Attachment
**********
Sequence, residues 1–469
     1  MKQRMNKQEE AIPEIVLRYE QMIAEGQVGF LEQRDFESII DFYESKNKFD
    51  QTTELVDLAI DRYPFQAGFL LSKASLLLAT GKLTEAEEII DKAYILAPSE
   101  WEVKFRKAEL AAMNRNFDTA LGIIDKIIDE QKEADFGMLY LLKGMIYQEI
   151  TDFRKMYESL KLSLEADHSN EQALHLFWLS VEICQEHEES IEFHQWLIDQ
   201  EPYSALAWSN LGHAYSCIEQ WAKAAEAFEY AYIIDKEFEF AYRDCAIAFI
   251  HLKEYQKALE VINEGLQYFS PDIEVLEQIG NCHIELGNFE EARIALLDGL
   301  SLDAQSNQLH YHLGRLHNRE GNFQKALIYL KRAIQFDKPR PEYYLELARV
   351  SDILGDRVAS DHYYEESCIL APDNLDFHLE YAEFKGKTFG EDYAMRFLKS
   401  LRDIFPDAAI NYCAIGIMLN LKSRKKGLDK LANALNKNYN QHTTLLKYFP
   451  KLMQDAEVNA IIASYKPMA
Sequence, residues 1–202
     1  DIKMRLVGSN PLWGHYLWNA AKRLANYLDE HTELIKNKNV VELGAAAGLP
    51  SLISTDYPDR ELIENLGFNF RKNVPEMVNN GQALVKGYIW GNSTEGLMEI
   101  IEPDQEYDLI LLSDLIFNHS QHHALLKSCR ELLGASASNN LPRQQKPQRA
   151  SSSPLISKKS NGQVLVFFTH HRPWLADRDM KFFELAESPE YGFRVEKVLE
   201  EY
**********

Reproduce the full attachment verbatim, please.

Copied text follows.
Sequence, residues 1–469
     1  MKQRMNKQEE AIPEIVLRYE QMIAEGQVGF LEQRDFESII DFYESKNKFD
    51  QTTELVDLAI DRYPFQAGFL LSKASLLLAT GKLTEAEEII DKAYILAPSE
   101  WEVKFRKAEL AAMNRNFDTA LGIIDKIIDE QKEADFGMLY LLKGMIYQEI
   151  TDFRKMYESL KLSLEADHSN EQALHLFWLS VEICQEHEES IEFHQWLIDQ
   201  EPYSALAWSN LGHAYSCIEQ WAKAAEAFEY AYIIDKEFEF AYRDCAIAFI
   251  HLKEYQKALE VINEGLQYFS PDIEVLEQIG NCHIELGNFE EARIALLDGL
   301  SLDAQSNQLH YHLGRLHNRE GNFQKALIYL KRAIQFDKPR PEYYLELARV
   351  SDILGDRVAS DHYYEESCIL APDNLDFHLE YAEFKGKTFG EDYAMRFLKS
   401  LRDIFPDAAI NYCAIGIMLN LKSRKKGLDK LANALNKNYN QHTTLLKYFP
   451  KLMQDAEVNA IIASYKPMA
Sequence, residues 1–202
     1  DIKMRLVGSN PLWGHYLWNA AKRLANYLDE HTELIKNKNV VELGAAAGLP
    51  SLISTDYPDR ELIENLGFNF RKNVPEMVNN GQALVKGYIW GNSTEGLMEI
   101  IEPDQEYDLI LLSDLIFNHS QHHALLKSCR ELLGASASNN LPRQQKPQRA
   151  SSSPLISKKS NGQVLVFFTH HRPWLADRDM KFFELAESPE YGFRVEKVLE
   201  EY